BRIEF DESCRIPTION OF THE DRAWINGS

[0014] FIG. 1 is a diagram that illustrates declination angle and parameters other associated with head movement and tilt;

[0015] FIG. 2 is a drawing that shows a posture angle is 23 degrees, a reference line angle 12 degrees and a head tilt angle is 20 degrees, such that the minimum rotation angle of his eyes to avoid neck strain is 35 degrees;

[0016] FIG. 3 is a block diagram of important electronic components associated with the invention;

[0017] FIG. 4 a preferred embodiment of the invention mounted to eyeglass frames;

[0018] FIG. 5 is a drawing that shows an alternative embodiment of the invention in the form of an ear mounted device;

[0019] FIG. 6A is a diagram showing a user wearing an eyeglass-mounted sensor at a neutral posture;

[0020] FIG. 6B is a diagram showing a user wearing an eyeglass-mounted sensor at a maximum safe head tilt;

[0021] FIG. 6C is a diagram showing a user wearing an eyeglass-mounted sensor at an unsafe head tilt; and

[0022] FIG. 7 shows how an acceleration sensor and a gyroscopic sensor may be combined in accordance with the invention to achieve a more effective neck posture recording and warning device.

DETAILED DESCRIPTION OF THE INVENTION

[0023] This invention is directed to a neck posture recording and warning device to help users develop safe working postures by warning, recording and/or showing their neck postures as a function of time. FIG. 3 is a block diagram showing important electronic components associated with the device irrespective of packaging which is illustrated in subsequent drawings.

[0024] The device is controlled by a microprocessor such as the AVR Core from Amtel Corp. though the invention is not limited in terms of the controller used. In addition to processing functions, the CPU has a clock for determining and recording time-based events, as well as memory for storing results. An additional flash memory storage device is provided for expanded data recording including measured data as a function of time.

[0025] The device further includes an input port such as a USB port that allows for data input and power from a rechargeable battery source. A key button input allows for ON/OFF functions. An LED status indicator shows operational status and may also be used to output alarm status. A melody generation circuit generates alarm sounds, and may be interfaced to a speaker or earphone for private listening. The neck posture warning device further includes a gyro sensor which measures the head tilt angle. In the preferred embodiment, as illustrated in FIG. 7, the neck posture warning device combines an acceleration sensor and a gyroscopic sensor to measure tilt in terms of orientation and rate of change.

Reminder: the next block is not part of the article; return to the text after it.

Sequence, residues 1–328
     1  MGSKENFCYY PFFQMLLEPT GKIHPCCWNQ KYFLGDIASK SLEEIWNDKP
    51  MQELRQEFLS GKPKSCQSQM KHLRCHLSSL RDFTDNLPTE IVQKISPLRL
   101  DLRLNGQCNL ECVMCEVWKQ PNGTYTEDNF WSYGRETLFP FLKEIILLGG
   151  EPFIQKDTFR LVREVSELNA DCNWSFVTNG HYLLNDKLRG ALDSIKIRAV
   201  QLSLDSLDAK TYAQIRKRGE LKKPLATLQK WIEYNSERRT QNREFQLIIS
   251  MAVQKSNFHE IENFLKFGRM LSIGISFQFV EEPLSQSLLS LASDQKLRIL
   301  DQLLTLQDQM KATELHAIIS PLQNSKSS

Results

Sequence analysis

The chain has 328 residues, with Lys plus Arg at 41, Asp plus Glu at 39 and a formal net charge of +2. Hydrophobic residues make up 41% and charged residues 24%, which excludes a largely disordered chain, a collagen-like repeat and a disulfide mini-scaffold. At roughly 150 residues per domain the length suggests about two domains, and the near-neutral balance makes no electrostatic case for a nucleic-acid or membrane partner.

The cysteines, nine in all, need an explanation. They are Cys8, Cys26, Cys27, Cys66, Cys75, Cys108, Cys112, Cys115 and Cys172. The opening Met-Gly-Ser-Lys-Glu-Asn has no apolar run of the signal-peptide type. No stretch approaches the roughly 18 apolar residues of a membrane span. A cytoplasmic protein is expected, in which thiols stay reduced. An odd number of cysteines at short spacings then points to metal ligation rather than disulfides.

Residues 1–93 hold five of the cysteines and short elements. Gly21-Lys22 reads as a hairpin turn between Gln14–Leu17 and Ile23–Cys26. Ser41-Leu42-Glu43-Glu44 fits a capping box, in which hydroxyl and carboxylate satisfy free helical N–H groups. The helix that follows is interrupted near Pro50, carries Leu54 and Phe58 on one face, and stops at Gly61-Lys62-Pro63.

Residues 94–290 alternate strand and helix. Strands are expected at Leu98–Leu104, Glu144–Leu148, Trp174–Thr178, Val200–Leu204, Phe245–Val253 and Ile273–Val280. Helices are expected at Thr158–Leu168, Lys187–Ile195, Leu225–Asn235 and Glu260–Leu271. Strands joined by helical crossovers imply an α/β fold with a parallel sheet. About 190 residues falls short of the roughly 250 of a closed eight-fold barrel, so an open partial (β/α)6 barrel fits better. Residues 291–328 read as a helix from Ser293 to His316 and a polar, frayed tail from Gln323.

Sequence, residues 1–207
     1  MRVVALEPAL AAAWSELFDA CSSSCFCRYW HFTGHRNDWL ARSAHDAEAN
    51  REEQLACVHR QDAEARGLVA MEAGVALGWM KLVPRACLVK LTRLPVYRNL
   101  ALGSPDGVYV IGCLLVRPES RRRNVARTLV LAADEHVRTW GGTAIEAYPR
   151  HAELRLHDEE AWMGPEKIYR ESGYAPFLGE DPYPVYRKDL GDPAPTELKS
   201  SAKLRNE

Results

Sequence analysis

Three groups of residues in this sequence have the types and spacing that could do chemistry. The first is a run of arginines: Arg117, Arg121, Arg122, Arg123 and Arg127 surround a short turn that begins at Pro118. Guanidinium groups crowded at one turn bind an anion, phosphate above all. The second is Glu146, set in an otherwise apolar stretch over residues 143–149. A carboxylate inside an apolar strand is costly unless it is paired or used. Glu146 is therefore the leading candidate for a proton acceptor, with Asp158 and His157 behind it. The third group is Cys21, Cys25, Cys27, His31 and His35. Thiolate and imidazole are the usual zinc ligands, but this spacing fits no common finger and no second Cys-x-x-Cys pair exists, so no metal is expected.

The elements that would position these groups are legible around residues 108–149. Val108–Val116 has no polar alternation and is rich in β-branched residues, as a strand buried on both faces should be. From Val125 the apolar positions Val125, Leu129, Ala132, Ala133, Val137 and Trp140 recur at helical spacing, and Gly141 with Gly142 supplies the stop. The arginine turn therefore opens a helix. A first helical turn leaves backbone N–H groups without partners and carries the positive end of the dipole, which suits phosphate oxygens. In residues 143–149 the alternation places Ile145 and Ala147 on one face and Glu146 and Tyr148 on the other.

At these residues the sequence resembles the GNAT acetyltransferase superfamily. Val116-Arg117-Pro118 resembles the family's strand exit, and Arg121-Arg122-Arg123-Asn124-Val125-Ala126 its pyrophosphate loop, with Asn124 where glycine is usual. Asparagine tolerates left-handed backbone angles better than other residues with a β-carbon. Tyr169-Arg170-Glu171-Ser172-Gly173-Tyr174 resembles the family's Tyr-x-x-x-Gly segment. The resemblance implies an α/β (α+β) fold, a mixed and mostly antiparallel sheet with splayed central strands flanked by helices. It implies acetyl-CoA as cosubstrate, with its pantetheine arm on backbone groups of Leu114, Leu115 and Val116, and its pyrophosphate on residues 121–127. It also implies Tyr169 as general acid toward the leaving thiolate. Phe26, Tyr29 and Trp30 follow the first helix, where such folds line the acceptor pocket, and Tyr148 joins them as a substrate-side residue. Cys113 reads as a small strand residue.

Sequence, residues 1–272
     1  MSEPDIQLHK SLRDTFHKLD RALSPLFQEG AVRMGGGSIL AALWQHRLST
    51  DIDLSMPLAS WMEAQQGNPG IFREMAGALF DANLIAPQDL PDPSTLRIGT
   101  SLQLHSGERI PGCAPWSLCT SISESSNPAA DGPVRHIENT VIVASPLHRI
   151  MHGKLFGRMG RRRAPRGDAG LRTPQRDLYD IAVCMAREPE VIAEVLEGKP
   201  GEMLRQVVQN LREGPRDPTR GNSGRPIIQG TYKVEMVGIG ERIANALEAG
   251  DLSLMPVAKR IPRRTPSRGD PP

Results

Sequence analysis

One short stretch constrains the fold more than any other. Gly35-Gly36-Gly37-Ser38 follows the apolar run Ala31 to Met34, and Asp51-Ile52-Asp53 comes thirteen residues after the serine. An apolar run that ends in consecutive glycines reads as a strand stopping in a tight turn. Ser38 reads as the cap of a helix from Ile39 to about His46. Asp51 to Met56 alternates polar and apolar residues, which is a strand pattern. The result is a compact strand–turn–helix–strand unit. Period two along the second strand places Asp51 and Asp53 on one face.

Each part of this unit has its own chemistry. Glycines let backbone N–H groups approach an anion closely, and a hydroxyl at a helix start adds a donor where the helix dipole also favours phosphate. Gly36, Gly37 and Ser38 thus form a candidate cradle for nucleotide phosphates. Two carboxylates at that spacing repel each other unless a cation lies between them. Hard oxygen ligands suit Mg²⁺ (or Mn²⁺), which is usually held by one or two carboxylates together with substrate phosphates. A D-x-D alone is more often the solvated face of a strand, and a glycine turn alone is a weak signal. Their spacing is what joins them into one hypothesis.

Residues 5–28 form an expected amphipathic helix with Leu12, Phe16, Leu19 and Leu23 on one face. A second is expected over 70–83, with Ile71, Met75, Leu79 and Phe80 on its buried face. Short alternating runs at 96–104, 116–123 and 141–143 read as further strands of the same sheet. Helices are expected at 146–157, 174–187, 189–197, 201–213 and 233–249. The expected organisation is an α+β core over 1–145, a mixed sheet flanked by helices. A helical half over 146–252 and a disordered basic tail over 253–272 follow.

[0026] In operation, the devices measures head tilt angle and provides an alarm when poor posture is determined. However, the device has several modes of operation. In the most basic mode, the device simply generates an audible and/or visible alarm when head tilt angle exceeds a specific value input by the user (or factory set). In a different mode of operation, the device monitors head tilt over time, and outputs an audible and/or visible alarm if head tilt exceeds a specific value a specific number of times over a specific period also input by the user of factory set. For example, if the user's head tilt exceeds 20 degrees once the device might not issue a warning. However, if head tilt exceeds 20 degrees more than once per minute (for example), an audible and/or visible alarm will be generated.

[0027] As a third more than may be used with either of the above, the device may record in memory head tilt over time, regardless of whether the maximum input value has been exceeded. This enables the user to connect a computer or other device such a smartphone to the USB port and prepare charts showing neck tilt behavior over time.

[0028] Unique to this invention is the ability to input a particular head tilt value and generate alarms/reports if that value is exceeded. Again, this value may be input by a user (through USB port, for example), or factory set. The specific value will typically be a function of the packaging used for the device, as discussed below. For example, if the unit is attached to eyeglass frames, the critical head tilt angle may be adjusted to account for the reference angle for a particular individual and the type of glasses they are wearing. If packaged as an on-ear or in-device, the device may be rotated or adjusted to account for the angle off-horizontal. In the preferred embodiment, the user may be able to set a head neutral position using pushbuttons provided, such that after such normalization recording will begin. As a further option the device may include an integrated electronic leveling device.

[0029] In terms of packaging, FIG. 4 shows the device packaged in a unit 202 that may be attached to a frame temple piece trough one or more clips/fasteners 204. Although the unit is small, current miniaturization allows all of the components to be accommodated. The alarm LED is shown at 204 and the speaker vent at 206. The USB port is shown at 210 and optional earbud, 212. The control buttons are depicted at 214. FIG. 6A is a diagram showing a user wearing an eyeglass-mounted sensor at a neutral posture; FIG. 6B is a diagram showing a user wearing an eyeglass-mounted sensor at a maximum safe head tilt; and FIG. 6C is a diagram showing a user wearing an eyeglass-mounted sensor at an unsafe head tilt. FIG. 5 illustrates an in-ear version of the device at 500 with optional around-ear stabilizer 501. The USB port is shown at 502 and control buttons at 504.